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More Oakwood issues uncovered

Published 10:36pm Thursday, January 10, 2013

Suffolk’s Oakwood Assisted Living, whose owner was recently stripped of his professional operating license, has racked up 76 State Board of Social Services standards violations in 20 months.

But Oakwood’s embattled owner Scott Schuett is adamant Oakwood will continue operating despite its record. His sanction by the state Board of Long-Term Care Administrators, which included a $25,000 fine and the stripping of his license, was also in response to problems at another two assisted-living facilities he owns in Hampton and Williamsburg,

“I absolutely intend to continue” operating Oakwood, he said. “There is a huge need; these people that we serve are forgotten people.”

Schuett said he has owned Oakwood since April 1, 2010, and that he won’t appeal the board’s findings against him.

Virginia Department of Social Services inspector Anthony Fludd uncovered the violations during 11 inspections between March 25, 2011 and Nov. 26, 2012, records show.

The violations ranged from bedbugs and a lack of furniture in rooms to more serious issues such as drug abuse and physical confrontations.

Currently, Oakwood is operating legally while an application to renew its one-year license, which technically expired at the end of September, is processed, said Joron Moore-Planter, a Social Services Department spokeswoman.

According to department records, the bedbugs were confirmed in four resident bedrooms on Aug. 9, 2011, when an alleged admission of a resident with a prohibited condition was also discovered.

The resident had been transferred from another facility where he was written up as “a danger to himself and others” after “a confrontation with staff.” He was transferred out of Oakwood 19 days later, according to records.

Fludd visited Oakwood on three occasions in April 2012 to probe what’s listed as resident on resident abuse.

He uncovered that staff failed to chart one resident’s medication changes and to obtain a mental health progress report required at least every six months.

For another resident, staff failed to obtain a recommended mental health screening, update personal and social data on the resident’s record and to fully maintain the Uniform Assessment Instrument, which gathers information used to determine appropriate care.

An inspection spanning three days in the second half of November uncovered 35 violations. “Violations cited are widespread, systemic, pervasive and with high risk ratings,” read the inspection comments, which called for a “plan of corrections” within 10 days.

Some smoke detectors were not working and orientation was not provided for new residents and their legal representatives, including informing them of emergency response procedures.

The same inspection, records say, also found that Oakwood “failed to assume general responsibility for the health, safety and well-being of the residents,” with physical as well as alcohol and drug abuse cited.

According to records, when a licensing inspector asked one resident, “Where did the bruises come from?” the resident responded, “I’ve been beaten, why do the people have to be beaten?”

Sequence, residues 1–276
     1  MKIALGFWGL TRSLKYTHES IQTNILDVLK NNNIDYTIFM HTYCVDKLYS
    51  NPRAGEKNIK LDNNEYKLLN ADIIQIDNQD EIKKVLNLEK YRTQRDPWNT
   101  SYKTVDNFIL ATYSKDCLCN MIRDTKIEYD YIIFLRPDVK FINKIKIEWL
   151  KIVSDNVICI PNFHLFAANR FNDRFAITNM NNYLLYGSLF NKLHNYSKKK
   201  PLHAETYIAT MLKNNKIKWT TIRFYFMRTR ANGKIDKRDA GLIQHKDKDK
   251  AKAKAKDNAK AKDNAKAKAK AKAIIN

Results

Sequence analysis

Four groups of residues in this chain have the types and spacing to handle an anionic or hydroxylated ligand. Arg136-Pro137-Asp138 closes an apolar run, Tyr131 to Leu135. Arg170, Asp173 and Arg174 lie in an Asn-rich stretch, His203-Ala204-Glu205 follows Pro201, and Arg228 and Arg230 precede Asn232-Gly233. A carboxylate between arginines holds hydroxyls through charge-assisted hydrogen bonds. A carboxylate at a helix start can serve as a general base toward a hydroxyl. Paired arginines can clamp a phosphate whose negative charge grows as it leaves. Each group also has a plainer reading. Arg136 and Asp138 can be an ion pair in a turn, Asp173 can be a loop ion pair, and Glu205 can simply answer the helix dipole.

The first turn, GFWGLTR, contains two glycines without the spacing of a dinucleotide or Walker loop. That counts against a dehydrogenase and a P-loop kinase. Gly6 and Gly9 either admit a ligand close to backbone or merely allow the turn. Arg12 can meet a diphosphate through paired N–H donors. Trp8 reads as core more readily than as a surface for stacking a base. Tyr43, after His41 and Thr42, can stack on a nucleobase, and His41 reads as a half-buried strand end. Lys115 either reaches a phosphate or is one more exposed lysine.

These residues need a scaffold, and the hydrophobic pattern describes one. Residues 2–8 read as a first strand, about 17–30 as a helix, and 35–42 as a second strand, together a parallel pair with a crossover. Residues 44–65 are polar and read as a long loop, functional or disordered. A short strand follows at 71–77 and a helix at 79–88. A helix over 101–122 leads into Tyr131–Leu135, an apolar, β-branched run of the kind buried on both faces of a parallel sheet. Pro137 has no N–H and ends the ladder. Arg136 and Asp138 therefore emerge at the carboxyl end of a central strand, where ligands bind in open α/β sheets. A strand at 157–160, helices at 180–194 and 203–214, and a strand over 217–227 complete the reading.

In April 2012, a 92-year-old woman was flown by Nightingale air ambulance to Sentara Norfolk General Hospital, where she was listed in critical condition, after being attacked at Oakwood by a 42-year-old man subsequently charged with aggravated malicious wounding.

In March 2011, when the facility was called NubJones Assisted Living Facility, a 47-year-old resident’s body was found in a ditch off Suburban Drive, just around the corner.

The department does not compare the volume of violations across facilities, Moore-Planter said, but a perusal of records suggests Oakwood has more issues than others.

For example, between Feb. 3, 2011 and Sep. 27, 2012 — roughly the same amount of time in which Oakwood had 76 violations — Allzwell Assisted Living in Chesapeake had 21 violations. Oakwood is licensed for 98 residents, while Allzwell is licensed for 74. The violations per resident at Oakwood is more than twice that at Allzwell.

The East Washington Street facility also hosts a Western Tidewater Community Services Board-run pilot program providing and coordinating care and treatment for residents with mental illness, many of whom are substance abusers.

Despite the violations, board Executive Director Demetrios Peratsakis defends the facility and its “vital” role in the community.

“In all frankness, there really isn’t any adult-living facility that I’m aware of that has not had violations,” Peratsakis said.

“I also think it’s important for folks to understand that with adult-living facilities, this is really a private residence. It sounds like a nursing home where staff have a lot of control over what folks do with their day (but) it’s like a very, very large apartment facility.”

Peratsakis acknowledged that problems at Oakwood, where the board has been involved for “the past couple of years,” have been persistent.

At any given time, Peratsakis estimated, up to 60 percent of residents at Oakwood suffer mental illness, and many of those abuse alcohol and/or drugs.

The board-run program, he said, is part of a recent nationwide push toward more-aggressive intervention.

“We have (board) staff onsite there every day, so when crises occur, we have trained clinicians there to manage the crisis,” he said.

“We really believe that because we have folks there with mental health conditions, not necessarily creating some of these (violation) issues but exposed to them, and because folks there with mental health issues contribute (to violations as well) … it really is a big part of our responsibility to do more.”

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